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Edited by Olga Martin-Ortega and Claire Methven O’Brien

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Edited by Olga Martin-Ortega and Claire Methven O’Brien

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Olga Martin-Ortega and Claire Methven O’Brien

Public procurement refers to the buying by the public sector of the goods, services and works it needs to carry out its functions. Such purchases range widely, from infrastructure projects and the acquisition of complex weapon systems, to contracting for the provision of essential public services in the health and social care sector and the purchase of common manufactured or processed goods such as stationery, furniture, uniforms, personal electronic items and foodstuffs. Government buying comprises a significant proportion of the overall global economy. Public procurement represents 15–20 per cent of global gross domestic product (GDP), while amongst Organization for Economic Cooperation and Development (OECD) states public procurement accounts for 12 per cent GDP, on average. The value of commitments under the World Trade Organization (WTO) General Procurement Agreements alone is approximately EUR 1.3 trillion, worldwide.

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Claire Methven O’Brien and Olga Martin-Ortega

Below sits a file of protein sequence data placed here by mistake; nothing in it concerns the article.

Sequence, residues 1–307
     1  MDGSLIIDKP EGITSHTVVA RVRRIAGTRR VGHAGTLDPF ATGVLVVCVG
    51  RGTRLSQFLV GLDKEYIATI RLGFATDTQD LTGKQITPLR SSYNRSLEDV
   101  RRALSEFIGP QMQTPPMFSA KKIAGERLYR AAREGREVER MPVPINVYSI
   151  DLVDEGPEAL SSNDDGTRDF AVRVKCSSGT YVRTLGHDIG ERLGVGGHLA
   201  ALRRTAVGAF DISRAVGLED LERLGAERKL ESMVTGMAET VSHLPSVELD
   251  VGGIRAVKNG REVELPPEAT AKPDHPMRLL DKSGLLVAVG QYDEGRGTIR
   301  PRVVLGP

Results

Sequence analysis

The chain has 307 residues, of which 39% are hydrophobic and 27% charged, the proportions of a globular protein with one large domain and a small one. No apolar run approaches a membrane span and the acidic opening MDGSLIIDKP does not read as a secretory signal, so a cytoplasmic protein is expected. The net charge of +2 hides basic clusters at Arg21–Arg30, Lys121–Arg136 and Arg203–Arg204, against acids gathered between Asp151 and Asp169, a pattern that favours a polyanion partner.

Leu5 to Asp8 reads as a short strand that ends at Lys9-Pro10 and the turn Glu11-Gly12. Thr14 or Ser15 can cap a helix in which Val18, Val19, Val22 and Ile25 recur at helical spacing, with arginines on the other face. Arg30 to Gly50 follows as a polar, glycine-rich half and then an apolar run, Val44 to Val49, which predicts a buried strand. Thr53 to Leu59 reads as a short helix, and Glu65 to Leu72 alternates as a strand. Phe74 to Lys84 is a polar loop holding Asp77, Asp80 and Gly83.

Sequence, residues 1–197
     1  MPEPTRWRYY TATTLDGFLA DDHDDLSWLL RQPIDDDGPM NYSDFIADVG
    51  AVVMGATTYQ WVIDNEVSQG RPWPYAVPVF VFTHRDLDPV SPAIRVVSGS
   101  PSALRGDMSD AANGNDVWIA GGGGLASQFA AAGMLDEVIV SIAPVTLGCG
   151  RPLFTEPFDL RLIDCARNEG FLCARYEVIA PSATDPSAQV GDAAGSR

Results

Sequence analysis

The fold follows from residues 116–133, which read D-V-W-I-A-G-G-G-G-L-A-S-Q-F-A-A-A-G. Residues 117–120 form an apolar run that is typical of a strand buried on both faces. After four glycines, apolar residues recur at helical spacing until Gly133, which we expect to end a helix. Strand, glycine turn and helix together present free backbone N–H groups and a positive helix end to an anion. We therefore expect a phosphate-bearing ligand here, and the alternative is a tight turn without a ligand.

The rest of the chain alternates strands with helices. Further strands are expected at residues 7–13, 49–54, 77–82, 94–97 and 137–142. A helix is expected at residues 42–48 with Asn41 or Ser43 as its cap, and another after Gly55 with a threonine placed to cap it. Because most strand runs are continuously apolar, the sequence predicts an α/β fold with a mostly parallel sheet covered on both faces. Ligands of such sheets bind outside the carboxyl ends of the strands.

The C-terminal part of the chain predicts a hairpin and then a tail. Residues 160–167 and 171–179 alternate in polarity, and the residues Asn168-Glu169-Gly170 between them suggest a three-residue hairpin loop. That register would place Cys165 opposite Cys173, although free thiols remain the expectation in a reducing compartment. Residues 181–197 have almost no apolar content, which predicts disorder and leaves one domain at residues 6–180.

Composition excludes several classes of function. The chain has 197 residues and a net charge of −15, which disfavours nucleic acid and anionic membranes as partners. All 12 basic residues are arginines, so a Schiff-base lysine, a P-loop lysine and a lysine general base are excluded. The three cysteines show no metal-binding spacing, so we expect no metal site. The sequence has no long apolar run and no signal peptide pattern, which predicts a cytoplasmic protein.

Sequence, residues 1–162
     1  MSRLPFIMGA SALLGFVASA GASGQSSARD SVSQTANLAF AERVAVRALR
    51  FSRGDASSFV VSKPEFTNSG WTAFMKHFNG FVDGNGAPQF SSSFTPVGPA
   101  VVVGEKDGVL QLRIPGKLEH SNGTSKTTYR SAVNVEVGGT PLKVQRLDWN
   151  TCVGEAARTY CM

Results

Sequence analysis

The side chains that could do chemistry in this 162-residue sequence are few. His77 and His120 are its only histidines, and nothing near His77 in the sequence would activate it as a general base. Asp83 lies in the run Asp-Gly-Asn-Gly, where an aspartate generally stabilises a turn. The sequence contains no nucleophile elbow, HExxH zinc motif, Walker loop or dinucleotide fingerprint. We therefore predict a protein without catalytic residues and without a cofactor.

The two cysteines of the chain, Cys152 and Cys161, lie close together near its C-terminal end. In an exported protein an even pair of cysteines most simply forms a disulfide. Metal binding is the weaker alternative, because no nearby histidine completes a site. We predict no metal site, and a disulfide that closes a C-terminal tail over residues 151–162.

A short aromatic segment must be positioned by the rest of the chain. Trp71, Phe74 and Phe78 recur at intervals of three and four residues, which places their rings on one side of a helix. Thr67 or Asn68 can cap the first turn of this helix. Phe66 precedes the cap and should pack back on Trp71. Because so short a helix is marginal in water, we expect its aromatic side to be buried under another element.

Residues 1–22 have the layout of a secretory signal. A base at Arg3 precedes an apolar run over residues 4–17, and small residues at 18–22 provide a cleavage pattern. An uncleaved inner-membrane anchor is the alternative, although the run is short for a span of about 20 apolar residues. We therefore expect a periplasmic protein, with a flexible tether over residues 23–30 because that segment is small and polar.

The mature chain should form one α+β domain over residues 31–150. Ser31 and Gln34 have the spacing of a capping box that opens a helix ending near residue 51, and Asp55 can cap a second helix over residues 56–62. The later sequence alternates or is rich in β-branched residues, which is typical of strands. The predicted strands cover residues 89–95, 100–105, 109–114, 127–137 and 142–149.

Contributions to this volume demonstrate the harmful consequences for workers and service users of a lack of legal and policy coherence across the fields of public procurement and human rights. Yet at the same time, this book illustrates the positive potential of public buying to drive business respect for human rights across government supply chains, in spite of regulatory frame¬works that have in general tended to stymy, rather than support, the efforts of contracting authorities and their personnel to identify and address human rights risks associated with government purchasing.

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Public Procurement and Human Rights

Opportunities, Risks and Dilemmas for the State as Buyer

Edited by Olga Martin-Ortega and Claire Methven O’Brien

This timely work reflects on the role and obligations of the state as a buyer of goods and services, from the dual disciplinary perspectives of public procurement and human rights. Through theoretical and doctrinal analyses, and practice-focused case studies, it interrogates the evolving character of public procurement as an interface for multiple normative regimes and competing policies. Challenging the prevailing paradigm which subordinates human rights to narrowly-defined economic goals, insightful contributions advance a compelling case for greater inter-disciplinarity and policy coherence as crucial to realising international policies such as those embodied in the UN Guiding Principles on Business and Human Rights and 2030 Sustainable Development Goals.